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I have a master PostgreSQL 9.5 server and a standby server. For replication I use repmgr (WAL streaming). Typically the delay between master and standby is <5s:

$ psql -t -c "SELECT extract(epoch from now() - pg_last_xact_replay_timestamp());"
  0.044554

Periodically pg_repack is invoked on master in order to optimize indexes and tables. Repacking tables causes massive changes in WAL streaming and significantly slows down replication, so that the difference between master and standby could be more than 1h.

Is there a way how to reduce such delay? Is it possible to synchronize newly incoming data with higher priority than repack changes?

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I was about to ask a similar question, but it is related to the replication streaming ("physical"/block related) that streams/replicates the actual data writes to the disk(s). With vacuum full (reindexes), and truncates/restores, and now pg_repack, the tables are rewritten to disk, causing a lot of data writes that need to be streamed to the other side...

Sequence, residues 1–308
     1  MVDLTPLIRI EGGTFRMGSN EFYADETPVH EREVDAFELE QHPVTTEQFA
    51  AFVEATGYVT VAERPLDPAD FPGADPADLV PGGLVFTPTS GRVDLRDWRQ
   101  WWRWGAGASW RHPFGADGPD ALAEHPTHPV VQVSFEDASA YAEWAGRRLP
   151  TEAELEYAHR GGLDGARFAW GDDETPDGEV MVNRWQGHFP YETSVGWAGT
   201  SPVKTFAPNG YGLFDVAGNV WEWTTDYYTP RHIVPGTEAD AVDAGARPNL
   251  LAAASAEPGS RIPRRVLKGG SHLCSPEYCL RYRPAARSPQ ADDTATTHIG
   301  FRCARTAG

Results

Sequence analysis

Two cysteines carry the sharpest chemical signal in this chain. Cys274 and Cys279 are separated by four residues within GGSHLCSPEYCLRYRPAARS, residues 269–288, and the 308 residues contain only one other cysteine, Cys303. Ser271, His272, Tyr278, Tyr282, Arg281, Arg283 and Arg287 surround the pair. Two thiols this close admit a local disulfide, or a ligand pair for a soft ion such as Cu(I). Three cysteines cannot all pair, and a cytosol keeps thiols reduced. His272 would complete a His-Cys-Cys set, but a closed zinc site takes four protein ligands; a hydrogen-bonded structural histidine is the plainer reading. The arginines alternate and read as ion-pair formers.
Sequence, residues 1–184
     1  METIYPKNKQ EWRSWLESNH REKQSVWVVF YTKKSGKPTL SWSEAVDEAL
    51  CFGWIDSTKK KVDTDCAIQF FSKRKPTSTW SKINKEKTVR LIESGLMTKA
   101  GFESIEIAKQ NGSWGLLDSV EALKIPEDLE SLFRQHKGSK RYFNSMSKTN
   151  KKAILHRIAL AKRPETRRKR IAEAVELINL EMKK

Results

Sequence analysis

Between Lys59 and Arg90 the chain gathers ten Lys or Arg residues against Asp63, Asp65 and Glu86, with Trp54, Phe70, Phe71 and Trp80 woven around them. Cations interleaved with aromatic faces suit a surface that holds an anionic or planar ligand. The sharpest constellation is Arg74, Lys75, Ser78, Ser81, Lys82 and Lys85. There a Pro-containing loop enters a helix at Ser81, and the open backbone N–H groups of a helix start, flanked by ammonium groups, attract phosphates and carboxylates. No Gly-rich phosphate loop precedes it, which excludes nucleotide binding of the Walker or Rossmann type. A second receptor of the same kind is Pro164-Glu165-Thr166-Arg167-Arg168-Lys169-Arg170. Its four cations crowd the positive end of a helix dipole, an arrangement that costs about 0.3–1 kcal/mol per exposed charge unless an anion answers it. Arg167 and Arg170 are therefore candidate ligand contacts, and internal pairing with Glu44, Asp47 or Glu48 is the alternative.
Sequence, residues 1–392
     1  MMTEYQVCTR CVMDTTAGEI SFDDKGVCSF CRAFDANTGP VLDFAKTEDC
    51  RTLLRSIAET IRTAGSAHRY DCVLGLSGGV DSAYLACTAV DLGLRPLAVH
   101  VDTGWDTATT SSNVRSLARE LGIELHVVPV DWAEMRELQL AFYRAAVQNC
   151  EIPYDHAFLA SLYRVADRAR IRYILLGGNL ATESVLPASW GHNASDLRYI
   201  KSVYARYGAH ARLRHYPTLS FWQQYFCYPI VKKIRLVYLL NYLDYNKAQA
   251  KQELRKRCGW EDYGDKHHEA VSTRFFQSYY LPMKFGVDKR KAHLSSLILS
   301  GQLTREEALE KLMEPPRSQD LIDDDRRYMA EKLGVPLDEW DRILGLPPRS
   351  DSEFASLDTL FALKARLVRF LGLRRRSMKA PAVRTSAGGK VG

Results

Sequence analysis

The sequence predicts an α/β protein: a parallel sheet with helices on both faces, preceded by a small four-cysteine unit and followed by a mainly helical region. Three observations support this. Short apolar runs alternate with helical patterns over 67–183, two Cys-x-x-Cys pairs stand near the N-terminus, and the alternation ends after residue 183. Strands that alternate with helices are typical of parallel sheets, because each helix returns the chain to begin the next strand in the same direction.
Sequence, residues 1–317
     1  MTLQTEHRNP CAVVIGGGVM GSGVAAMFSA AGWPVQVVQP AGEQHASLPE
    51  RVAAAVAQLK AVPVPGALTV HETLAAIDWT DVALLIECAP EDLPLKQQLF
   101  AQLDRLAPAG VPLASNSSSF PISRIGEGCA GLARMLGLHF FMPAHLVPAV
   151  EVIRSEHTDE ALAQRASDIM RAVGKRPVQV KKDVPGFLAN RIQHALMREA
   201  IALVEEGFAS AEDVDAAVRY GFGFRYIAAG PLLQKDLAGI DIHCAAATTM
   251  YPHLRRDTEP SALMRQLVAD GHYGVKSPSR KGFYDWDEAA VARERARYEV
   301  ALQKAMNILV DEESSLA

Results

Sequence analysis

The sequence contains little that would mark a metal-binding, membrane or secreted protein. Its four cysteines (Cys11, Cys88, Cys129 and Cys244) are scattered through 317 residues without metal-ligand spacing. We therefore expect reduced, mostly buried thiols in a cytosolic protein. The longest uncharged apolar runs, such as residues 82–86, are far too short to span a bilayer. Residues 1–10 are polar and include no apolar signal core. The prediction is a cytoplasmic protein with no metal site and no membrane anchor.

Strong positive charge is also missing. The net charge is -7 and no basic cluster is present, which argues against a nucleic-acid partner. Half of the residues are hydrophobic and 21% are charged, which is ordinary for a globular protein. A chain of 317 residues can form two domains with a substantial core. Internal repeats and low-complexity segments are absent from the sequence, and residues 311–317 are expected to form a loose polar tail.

Thus, no, I don't believe you'll be able to do the "prioritization" as the moment the rebuilt table are "swapped" into active table, the new updates/writes on the master, will be going to the rebuild table, not the old table, and then the replica needs that table "available"!

I've been getting into the habit of killing the replication, doing the major data changes (perhaps a good practise to have it as a "backup" available before the data changes) and then doing a new full pg_basebackup/replication restarts

Hope this helps to explain the situation you are in and how I've been solving it till now :)

That said do go read: https://www.depesz.com/2013/06/21/bloat-removal-by-tuples-moving/

Depesz explains a mechanism that helped him move data to the beginning of the table "on the fly" with data available all the time using code similar to:

with x as (
delete from test where id in (999997,999998,999999) returning *
)
insert into test
    select * from x;

this is then run in batches, with $vacuum$ statements running together to clean up the space. Doing this in a slow/managed method, you could be able to do the "repack" with not too far behind replicas.

Just be careful of triggers on update/insert/delete !

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